01/04/2012 05:00 pm ET Updated Feb 02, 2016

Courage, Gay And Lesbian Pro-Abstinence Group, Branch Planned In Hartford: Connecticut Archdiocese

Although New England is generally considered one of the most liberal U.S. regions, one Connecticut-based archdiocese's take on the state's lesbian, gay, bisexual and transgender (LGBT) community is considerably more stringent.

As The Hartford Courant is reporting, the Hartford archdiocese stated that its Office of Diaconate director, Deacon Robert Pallotti, is planning to launch a local chapter of a national ministry called "to support men and women who struggle with homosexual tendencies and to motivate them to live chaste and fruitful lives in accordance with Catholic Church teachings."

The ministry, called Courage, is based in Norwalk, Conn. and claims to have more than 100 chapters around the country. "By developing an interior life of chastity, which is the universal call to all Christians, one can move beyond the confines of the homosexual identity to a more complete one in Christ," the organization's website explains.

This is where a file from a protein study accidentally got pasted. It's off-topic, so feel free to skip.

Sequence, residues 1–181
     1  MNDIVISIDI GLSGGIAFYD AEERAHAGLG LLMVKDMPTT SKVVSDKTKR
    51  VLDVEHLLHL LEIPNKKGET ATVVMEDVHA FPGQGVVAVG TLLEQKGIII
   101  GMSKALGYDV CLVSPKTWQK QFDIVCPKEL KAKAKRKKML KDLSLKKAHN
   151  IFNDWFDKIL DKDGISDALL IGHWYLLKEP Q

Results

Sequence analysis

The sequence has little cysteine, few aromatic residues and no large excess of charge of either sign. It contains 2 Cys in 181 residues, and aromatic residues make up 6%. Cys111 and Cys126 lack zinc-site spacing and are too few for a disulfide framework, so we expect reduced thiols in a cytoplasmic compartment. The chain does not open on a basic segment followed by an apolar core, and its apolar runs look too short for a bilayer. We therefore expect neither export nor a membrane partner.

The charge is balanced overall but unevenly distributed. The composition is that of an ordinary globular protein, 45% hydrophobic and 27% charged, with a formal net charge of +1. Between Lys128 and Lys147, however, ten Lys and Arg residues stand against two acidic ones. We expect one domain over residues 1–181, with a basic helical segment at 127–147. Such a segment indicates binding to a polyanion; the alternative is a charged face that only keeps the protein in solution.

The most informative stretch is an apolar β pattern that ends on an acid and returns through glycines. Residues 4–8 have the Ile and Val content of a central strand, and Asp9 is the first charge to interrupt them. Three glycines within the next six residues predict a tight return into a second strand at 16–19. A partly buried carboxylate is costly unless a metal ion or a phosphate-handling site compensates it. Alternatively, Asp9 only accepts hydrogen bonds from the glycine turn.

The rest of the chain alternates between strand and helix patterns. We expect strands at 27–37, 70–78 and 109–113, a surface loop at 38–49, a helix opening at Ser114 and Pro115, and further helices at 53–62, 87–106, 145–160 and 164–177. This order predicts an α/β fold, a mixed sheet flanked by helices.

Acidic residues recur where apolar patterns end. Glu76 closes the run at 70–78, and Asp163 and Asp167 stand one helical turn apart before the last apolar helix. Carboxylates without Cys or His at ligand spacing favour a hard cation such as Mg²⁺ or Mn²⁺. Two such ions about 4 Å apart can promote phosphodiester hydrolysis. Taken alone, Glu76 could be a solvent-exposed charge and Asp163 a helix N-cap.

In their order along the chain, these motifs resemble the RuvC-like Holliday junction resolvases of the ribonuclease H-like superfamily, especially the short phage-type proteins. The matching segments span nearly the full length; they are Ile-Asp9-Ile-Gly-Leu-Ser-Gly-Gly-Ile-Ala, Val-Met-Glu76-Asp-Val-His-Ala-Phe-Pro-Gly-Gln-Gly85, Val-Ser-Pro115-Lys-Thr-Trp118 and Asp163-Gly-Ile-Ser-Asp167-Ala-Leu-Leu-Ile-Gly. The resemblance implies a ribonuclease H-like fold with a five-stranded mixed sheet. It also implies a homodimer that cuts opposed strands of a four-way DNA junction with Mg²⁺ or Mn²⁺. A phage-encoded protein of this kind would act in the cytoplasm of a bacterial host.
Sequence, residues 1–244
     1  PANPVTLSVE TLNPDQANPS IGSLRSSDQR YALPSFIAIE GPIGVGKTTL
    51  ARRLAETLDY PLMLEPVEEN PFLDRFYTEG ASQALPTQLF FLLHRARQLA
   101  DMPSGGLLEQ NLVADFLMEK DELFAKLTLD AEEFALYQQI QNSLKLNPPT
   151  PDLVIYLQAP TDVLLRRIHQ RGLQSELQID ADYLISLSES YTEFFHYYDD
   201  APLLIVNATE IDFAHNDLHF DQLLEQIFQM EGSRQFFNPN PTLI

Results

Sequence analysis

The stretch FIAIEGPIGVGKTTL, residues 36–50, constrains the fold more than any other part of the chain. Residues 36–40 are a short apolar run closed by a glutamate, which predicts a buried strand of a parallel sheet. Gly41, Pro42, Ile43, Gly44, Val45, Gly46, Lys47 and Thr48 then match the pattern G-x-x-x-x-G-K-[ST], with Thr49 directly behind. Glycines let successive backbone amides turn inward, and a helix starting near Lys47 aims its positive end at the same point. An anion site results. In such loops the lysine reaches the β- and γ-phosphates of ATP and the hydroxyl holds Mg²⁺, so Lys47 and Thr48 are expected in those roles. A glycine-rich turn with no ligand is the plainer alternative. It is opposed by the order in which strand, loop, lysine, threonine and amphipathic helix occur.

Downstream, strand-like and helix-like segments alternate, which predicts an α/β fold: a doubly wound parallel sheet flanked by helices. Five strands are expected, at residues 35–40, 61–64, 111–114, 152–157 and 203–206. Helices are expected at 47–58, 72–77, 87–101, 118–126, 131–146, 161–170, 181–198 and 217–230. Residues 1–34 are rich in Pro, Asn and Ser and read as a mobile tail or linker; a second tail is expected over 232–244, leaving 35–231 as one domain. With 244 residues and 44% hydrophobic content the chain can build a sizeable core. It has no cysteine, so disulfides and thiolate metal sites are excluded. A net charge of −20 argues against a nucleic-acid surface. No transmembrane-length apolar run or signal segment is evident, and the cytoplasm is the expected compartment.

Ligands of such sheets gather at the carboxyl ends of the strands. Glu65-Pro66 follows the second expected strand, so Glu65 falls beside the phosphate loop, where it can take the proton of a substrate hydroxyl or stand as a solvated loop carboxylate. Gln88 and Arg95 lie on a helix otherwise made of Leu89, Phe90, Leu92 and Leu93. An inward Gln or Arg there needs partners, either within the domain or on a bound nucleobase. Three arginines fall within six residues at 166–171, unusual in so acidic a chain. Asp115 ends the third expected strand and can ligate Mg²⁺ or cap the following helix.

"Through support and spiritual intervention, we can help people with same-sex attraction lead moral and fulfilling lives," Pallotti noted. "These people are hurting and so are their families. Doing nothing would be a lack of compassion."

He also stressed to Connecticut news station WFSB: "Courage will not reduce a person's identity to their sexual desire. They are people with full human dignity not defined solely by their sexual desire."

The news has nonetheless sparked the ire of LGBT advocates on both the local and national level. "Efforts to repress sexual orientation are harmful and ineffective, but Courage represents a more malevolent intent to deprive gays and lesbians of the opportunity to love and be loved," writes ThinkProgress blogger Zack Ford. "Pallotti speaks of compassion, but turning gays' own victimization against them and using the fear of Hell to make them afraid of love is the very opposite of compassion."

Added Robin McHaelen, executive director of True Colors, a nonprofit LGBT youth agency based in Hartford: "I can't tell you how many kids I work with who have been spiritually wounded by this and similar religious perspectives. In my opinion, that's the abomination."

In 2008, Connecticut joined Massachusetts as one of two states in the U.S. at the time to perform same-sex marriages.